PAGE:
9 questions to ask when buying Sectional Title

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Often buyers will look at the unit they are considering buying but will not investigate further than that – until they have actually signed a contract – but all the preliminary investigation must be done early in the “looking” stage.

Even though there are great benefits to buying into a sectional title scheme, there are also many questions that should be asked before signing an offer to purchase.

This is according to Mandi Hanekom, operations manager for Propell, who says often buyers will look at the unit they are considering buying but will not investigate further than that – until they have actually signed a contract – but all the preliminary investigation must be done early in the “looking” stage.

Hanekom says pertinent questions to ask when looking at a sectional title unit are:

  1. What is sold with the unit? If there is a garden, the buyer should ask if that is an exclusive use area; or if there is a garage in front of the unit, check whether this too is part of that section or has been included properly on the section plan and is owned by the seller. There are many cases, particularly in older schemes, where the sectional plan does not tie up with the unit numbers or what is actually owned, she says.
  2. Are there parking bays, garages and storerooms? On the surface, it may look like there is a parking bay or a garage outside the unit, but this might not be allocated to that unit – it might be common property that is rented to the owners by the body corporate, as might be the case with storerooms.
  3. If the parking bays, garages or storerooms are owned by the body corporate and rented out, the buyer should check whether they go back into the pool once the unit is sold or whether he will have an automatic option to rent them.In many sectional title schemes there is a shortage of these and the system would be that the parking bay or garage would go to the next person on the waiting list, so the prospective buyer might not have enough parking available to him immediately.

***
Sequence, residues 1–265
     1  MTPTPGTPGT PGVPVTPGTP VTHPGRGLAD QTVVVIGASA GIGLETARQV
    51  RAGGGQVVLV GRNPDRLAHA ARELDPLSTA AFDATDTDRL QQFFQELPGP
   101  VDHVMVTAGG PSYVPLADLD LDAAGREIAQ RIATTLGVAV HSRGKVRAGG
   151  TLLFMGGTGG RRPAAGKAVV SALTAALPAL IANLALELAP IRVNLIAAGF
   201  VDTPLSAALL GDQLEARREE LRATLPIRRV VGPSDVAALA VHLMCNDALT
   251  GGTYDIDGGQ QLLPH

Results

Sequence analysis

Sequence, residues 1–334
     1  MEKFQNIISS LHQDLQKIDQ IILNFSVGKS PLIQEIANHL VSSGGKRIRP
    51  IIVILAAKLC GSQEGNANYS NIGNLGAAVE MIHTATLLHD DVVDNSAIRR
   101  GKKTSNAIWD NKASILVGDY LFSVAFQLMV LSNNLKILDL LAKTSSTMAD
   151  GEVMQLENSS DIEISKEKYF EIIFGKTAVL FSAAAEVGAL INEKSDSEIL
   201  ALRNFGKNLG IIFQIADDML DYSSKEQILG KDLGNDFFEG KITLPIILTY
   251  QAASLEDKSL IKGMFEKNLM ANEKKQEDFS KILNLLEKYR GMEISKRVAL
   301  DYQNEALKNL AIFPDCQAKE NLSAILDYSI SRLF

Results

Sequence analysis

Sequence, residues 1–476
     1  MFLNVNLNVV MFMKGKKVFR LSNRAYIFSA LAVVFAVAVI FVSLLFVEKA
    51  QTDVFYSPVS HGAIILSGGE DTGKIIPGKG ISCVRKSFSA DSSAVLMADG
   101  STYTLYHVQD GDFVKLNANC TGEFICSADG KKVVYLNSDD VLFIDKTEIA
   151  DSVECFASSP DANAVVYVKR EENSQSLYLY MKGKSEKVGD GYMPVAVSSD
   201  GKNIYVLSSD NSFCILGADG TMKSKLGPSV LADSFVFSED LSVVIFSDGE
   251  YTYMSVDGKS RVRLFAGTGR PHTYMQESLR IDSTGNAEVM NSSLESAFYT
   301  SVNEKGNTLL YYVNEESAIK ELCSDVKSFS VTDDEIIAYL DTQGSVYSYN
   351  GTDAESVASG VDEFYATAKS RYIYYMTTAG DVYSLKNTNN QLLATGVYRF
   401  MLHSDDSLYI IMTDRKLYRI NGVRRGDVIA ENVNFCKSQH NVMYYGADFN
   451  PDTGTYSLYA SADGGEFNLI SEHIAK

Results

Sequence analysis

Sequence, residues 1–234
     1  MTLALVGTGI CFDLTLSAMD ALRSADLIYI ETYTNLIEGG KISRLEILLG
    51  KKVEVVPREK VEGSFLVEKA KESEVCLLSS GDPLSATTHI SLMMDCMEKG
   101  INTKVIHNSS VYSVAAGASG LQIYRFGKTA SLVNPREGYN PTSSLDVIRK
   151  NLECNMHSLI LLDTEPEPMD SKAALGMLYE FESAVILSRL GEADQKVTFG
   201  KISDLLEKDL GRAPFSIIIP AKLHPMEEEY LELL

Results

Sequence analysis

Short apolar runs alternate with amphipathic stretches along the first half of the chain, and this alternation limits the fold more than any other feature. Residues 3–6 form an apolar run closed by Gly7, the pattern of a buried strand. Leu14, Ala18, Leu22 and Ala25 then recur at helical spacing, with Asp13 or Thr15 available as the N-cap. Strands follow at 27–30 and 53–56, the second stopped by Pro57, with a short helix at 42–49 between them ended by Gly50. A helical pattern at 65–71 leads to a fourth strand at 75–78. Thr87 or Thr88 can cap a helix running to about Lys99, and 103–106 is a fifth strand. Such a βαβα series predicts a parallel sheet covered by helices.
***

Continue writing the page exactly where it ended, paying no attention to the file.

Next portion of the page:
4. Are there enough visitors’ parking bays and what are the rules with regard to residents parking in those bays (which often happens where there is a shortage)?
  5. Are there open pieces of land around the complex and has the developer reserved a right to extend the scheme in phases? Hanekom says it would be worthwhile checking what these future plans might be, as there have been cases in the past where the developer has exercised his right to extend but changed the plan and has perhaps altered the overall ‘feel’ of the complex or has added to the density of the scheme.
  6. Can you have copies of the conduct rules of the complex, as well as copies of the audited financial statements? These must be given to the prospective buyer before any offer to purchase is signed. Reading through the rules beforehand is important because the buyer might find that there is a rule in place that does not suit his lifestyle, e.g. no pets.
  7. The financial statements will show whether the scheme is financially sound and the banks will need these as well in order to grant a bond towards the purchase of the unit. What amounts are owing by the body corporate to the municipality? These amounts can sometimes be large and would indicate whether there is a problem within the scheme, either with the collection of the levies or the management of the finances, she says.
  8. What are the monthly levies? While many would want a low levy, this is not always healthy, because there might be an under-payment towards the running of the scheme and this might necessitate a large special levy in the future. It might also mean that certain maintenance or repairs are not being planned for, which might be a problem later on, she says.
  9. Are there any special levies likely to be raised in the future? If there are, check how much will be needed. Hanekom says it would be hard for a new buyer to find, shortly after moving into the scheme, that he is suddenly responsible for a R50 000 special levy, for which no ordinary household would probably have budgeted for.

“Sectional title schemes usually offer good lifestyles in that they are often more secure and there are various amenities such as gyms and swimming pools that would cost a lot to run on one’s own.”

Hanekom says the only compromise is that the owners live by the rules, which is not a hardship to many. She says if the scheme is well-managed, values will increase steadily and the purchase will be a good investment for years to come.

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